points out, I think the solar industry already has proper political measures such as FiT and RPS. I hope PV players mind changes. They will need accurate understanding and medium- to long-term perspective for the industry.

Korean PV industry has experienced a beautiful growth thanks to the active government support and policies, but it seems that people in the industry need more, looking very thirsty for more support.

 

RPS, A New Support Program

 

Seon-Ki Cheong, Senior Manager of PR & Business Management at Millinet Solar, one of the leading Korean cell manufacturers, says that RPS system would come into operation and he hopes that some incentive programs on residential solar systems would come into effect as well. Also, I hope support for the domestic industry will increase substantially, he adds.

Shyn-Ki Jang, Assistant Manager of Symphony Energy follows the view. He hopes that the Korean government would operate two incentive programs?both RPS and FiT?simultaneously. This would be definitely helpful for PV players, but a feasibility is in question considering the current budget condition of Korea.

According to Yeon-Kyun Woo, Gerneral Manager of T&SOLAR, a solar module manufacturer, RPS would offer 130 MW for solar, but I think it is not sufficient. In order to promote the solar industry, I hope RPS for solar increases to 300 MW.

Speaking of RPS revision, Byoung-Chan Jung, Deputy General Manager of SPV (SEOUL PHOTOVOLTAIC), a renewable system provider, remarks that RPS needs to be revised in view of the solar system prices. He says that the prices are decreasing compared to the past, but the current RPS rate for solar is underestimated.

 

Need for Standardization

 

There is a view that Korea should focus on standardization in the field of PV technologies to increase the level of domestic technical expertise and competence and prevent unqualified or inferior products from selling as qualified ones. The market is flooded with cheap, uncertified products, mostly from China. The Korean solar industry needs to have standards in place for PV technologies and products to provide the customers with reliable, qualified products.

And the standards should desirably be at the same level with internationally recognized T V standards, in which case it would make it easier for the Korean companies to successfully enter foreign markets, says Joo-Nam Yoo, Deputy Head of SBU at LAPP KOREA, a leading supplier of cables and lines.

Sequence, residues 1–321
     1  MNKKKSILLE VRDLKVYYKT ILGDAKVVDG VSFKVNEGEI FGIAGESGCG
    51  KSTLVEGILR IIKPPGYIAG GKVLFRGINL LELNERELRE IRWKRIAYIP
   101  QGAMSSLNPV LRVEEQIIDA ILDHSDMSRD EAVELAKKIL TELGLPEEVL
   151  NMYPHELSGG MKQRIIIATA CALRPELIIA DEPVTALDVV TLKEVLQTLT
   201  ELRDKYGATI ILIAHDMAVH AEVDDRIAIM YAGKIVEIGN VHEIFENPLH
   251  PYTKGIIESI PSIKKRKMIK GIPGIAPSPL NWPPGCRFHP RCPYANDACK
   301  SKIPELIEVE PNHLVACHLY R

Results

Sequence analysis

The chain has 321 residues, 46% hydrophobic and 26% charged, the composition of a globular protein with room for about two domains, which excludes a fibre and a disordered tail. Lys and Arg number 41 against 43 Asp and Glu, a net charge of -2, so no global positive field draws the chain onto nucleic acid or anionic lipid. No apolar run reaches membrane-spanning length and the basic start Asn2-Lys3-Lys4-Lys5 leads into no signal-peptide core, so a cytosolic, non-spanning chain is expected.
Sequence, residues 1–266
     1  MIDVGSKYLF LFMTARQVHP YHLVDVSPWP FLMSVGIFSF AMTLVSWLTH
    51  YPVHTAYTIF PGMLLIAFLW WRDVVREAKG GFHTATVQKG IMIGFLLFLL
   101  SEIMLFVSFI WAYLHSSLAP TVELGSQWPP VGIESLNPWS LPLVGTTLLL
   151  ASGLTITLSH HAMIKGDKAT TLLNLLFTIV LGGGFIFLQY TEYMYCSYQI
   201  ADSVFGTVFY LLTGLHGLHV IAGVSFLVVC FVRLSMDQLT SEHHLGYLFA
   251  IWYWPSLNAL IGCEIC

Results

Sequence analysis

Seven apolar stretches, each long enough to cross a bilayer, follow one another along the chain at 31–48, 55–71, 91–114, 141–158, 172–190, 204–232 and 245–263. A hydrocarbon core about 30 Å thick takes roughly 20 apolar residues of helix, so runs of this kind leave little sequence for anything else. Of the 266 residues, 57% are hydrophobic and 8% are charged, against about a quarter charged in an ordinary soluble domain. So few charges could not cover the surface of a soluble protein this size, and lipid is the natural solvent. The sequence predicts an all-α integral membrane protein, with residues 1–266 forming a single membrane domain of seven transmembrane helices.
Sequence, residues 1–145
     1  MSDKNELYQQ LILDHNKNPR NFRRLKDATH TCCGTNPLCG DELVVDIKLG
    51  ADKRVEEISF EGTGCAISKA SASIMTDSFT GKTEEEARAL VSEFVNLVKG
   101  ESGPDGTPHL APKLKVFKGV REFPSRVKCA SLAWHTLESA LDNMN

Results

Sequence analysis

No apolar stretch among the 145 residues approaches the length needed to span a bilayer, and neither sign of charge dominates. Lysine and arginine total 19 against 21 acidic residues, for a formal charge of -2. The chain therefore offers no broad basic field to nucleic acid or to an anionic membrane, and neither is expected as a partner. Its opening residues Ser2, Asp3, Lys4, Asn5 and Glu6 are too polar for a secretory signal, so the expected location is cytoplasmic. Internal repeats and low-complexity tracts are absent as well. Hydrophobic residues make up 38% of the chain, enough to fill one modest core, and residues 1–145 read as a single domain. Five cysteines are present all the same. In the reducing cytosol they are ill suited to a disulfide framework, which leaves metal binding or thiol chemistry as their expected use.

Domestic Market Expansion

 

Yang-won Jeong, CEO at KPE, a Korean cell manufacturer, focuses on domestic market. He says, Strengthening domestic market is crucial for active advance abroad. I believe strong domestic market

results in strong global market.

According to Hyun-Suk Sung from Department of Marketing at INTEK PLUS, a solar inspection system provider, At the moment, the Korean solar industry puts more stress on export, compared to domestic market. I hope the domestic demand revives for Korean solar companies to expand their businesses. They are able to complete the whole solar process?from manufacturing to installation.

Joo-Hyun Won, Manager of Sales and Marketing Team at KACO, a solar inverter manufacturer, follows the view, saying his hope is further expansion for the Korean solar market as well.

According to Clair Jang, Section Chief of Sales Dept at LST Energy, an importer of PV materials, I hope that the domestic market is more activated by RPS or other support programs such as 1 Million Green Home Project.

 

Indigenous Solar Manufacturing Equipment

 

The growth of the Korean semiconductor industry has been stunning. Within a 10-year period, Korean conglomerates went from being virtual non-players to capturing one-quarter of the world semiconductor market in 1994. Korean players in semiconductor markets are regarded by the U.S. and Japanese counterparts as formidable competitors. Many of the Korean solar industry professionals believe solar is highly likely to become the next big industry to propel Koreas growth. For the Korean solar industry to make significant strides in the global market, dependence on foreign equipment should be resolved, says Keuk-Sang Son, Manager of Strategic Planning at Shinsung Holdings, one of the leading solar cell makers in Korea, who claims it has its own technology to build solar equipment in-house. Commenting on how to reduce reliance on foreign equipment, Jai-Kyung Choi, CEO of JES SOLAR, a manufacturer of monocrystalline solar cells, emphasizes, The government should encourage Korean companies to develop indigenous solar manufacturing equipment through tax incentives and low-interest loans for R&D.

Some Korean cell makers are enjoying considerable success in foreign markets including China thanks largely to successful implementation of more efficient indigenous mass production techniques allowing more competitive unit pricing. 70-80% of our sales come from overseas markets such as China, Japan and the U.S.A. Weve been strategically targeting overseas markets from the very beginning while doing some R&D collaborations in Korea, says Coline Kang, Chief Director of YS Thermtech, a manufacturer of automated equipment for PV. Kang adds, I hope more cells are produced by using equipment made in Korea. To test the performance and reliability of the domestic equipment, we need a large quantity of materials. The cost of buying materials is burdensome for equipment manufacturers and there needs to be some cooperations in this regard in the industry. JES SOLARs CEO Choi shares the concern over material supply and cost. Choi says, An increase